That’s why globalisation is good for you”
Michael”
“Dear Michael,
The alternative that is beginning to emerge post-Seattle is “localisation”. This is a process towards the position whereby everything that could be produced within a nation or region should be. Long-distance trade is then reduced to supplying what could not come from within one country or geographical grouping of countries.
This would allow an increase in local control of the economy and the potential for it being shared out more fairly, locally. Technology and information, like your examples of distance learning and cultural exchange, would be encouraged to flow, when and where it can strengthen local economies. Under these circumstances, beggar-your-neighbour globalisation gives way to the potentially more co-operative better-your neighbour localisation.
To paraphrase you, that’s why localisation is good for you.
Colin”.
http://news.bbc.co.uk/hi/english/world/nesid_941000/941031.stm



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Socialising (These prompts are primarily meant for FCE candidates.)


Q: Can you tell us a little about where you’re from?
A: I’m from Berrhoea by birth although my parents’ origin(s) is from Peloponnese. Since I’ve been living in this town for fifteen years, I suppose I’ve acquired its local colour, which isn’t v. distinctive anyway.
Q: Is it known for anything in particular?
A: For one thing, Berrhoea is famous for its numerous old churches (nowadays there’re forty-eight of them). Besides, it’s known for its gastronomic special(i)ty named “revani” – a sweet made of milk, eggs, and semolina.
Q: Could you tell me about your plans for the future?
A: Well, I think I’m too young to be making any plans, I just envisage/envision that I’d become a journalist when I grow up; the idea of having access to, and conveying, up-to-date information really appeals to me. I’d also like to take to computing seriously.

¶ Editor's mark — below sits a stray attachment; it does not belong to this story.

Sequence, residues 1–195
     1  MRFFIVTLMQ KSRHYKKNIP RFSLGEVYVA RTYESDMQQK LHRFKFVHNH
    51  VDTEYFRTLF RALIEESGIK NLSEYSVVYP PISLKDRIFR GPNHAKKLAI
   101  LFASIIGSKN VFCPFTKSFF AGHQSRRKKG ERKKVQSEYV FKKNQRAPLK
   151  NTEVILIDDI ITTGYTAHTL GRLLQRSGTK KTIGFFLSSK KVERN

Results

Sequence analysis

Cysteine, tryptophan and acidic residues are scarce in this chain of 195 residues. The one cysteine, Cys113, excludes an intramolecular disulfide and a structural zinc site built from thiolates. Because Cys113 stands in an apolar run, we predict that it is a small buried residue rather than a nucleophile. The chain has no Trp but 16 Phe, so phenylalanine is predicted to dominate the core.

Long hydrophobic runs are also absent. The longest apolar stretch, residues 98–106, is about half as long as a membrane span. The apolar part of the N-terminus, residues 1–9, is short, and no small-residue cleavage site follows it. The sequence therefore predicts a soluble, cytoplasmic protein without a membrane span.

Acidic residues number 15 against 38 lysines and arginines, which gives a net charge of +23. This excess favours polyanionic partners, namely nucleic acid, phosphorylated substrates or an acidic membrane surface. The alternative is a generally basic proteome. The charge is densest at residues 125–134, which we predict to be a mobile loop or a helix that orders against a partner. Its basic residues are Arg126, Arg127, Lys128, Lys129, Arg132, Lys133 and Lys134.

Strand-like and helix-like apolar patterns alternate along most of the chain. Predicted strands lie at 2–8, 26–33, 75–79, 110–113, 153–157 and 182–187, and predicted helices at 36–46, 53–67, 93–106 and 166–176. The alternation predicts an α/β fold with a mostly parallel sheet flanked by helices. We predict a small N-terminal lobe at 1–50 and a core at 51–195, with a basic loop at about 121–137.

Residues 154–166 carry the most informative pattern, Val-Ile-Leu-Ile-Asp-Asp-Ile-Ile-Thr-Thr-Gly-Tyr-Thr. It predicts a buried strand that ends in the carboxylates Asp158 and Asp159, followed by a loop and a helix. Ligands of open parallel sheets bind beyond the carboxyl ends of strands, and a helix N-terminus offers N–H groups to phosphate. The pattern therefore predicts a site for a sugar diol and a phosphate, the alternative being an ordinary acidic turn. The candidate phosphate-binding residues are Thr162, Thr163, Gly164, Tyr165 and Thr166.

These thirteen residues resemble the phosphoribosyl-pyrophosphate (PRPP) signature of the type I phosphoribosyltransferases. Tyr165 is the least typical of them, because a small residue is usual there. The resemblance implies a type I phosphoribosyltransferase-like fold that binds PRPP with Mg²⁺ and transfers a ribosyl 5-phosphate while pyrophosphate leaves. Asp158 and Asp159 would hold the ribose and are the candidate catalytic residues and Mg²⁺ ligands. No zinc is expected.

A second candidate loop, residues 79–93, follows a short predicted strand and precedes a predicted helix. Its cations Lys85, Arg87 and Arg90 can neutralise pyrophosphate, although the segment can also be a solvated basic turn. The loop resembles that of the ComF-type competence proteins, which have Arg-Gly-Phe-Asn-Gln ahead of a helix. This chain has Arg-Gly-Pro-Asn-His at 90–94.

Q: How did you become interested in computers?
A: On the one hand, computing is one of our school subjects. Often, I’m amazed at the enormous potential computers have, especially with regard to the Internet. After all, my father says computer-literacy is indispensable if I am to follow a brilliant career.
Q: How do you usually spend your free time?
A: Oh! I do lots of things but what I enjoy most is painting. I regard it as the ideal way to express myself and give a channel to my strong feelings and… desires!
Q: How did you become interested in painting?
A: I know what I’m going to tell you sounds a bit arrogant but it’s true, for, as time passed, I realised that I’m somewhat talented! I wouldn’t take pride in that of course – I know it’s hereditary.
Q: What’s the area you live in like?
A: It’s quite strange – I mean it’s something in-between a town and countryside. There’re plenty of blocks of flats/high rises but most of them are surrounded by gardens and trees.
Q: Would you ever consider moving to the country?
A: I don’t think so. My neighbourhood overlooks the opposite bank of the Tripotamos. Thanks to its vegetation it has a lot of fresh air, too. Furthermore, it combines a few urban facilities, such as schools and supermarkets, which are scarce in the country.
Q: Where do you usually go on holiday?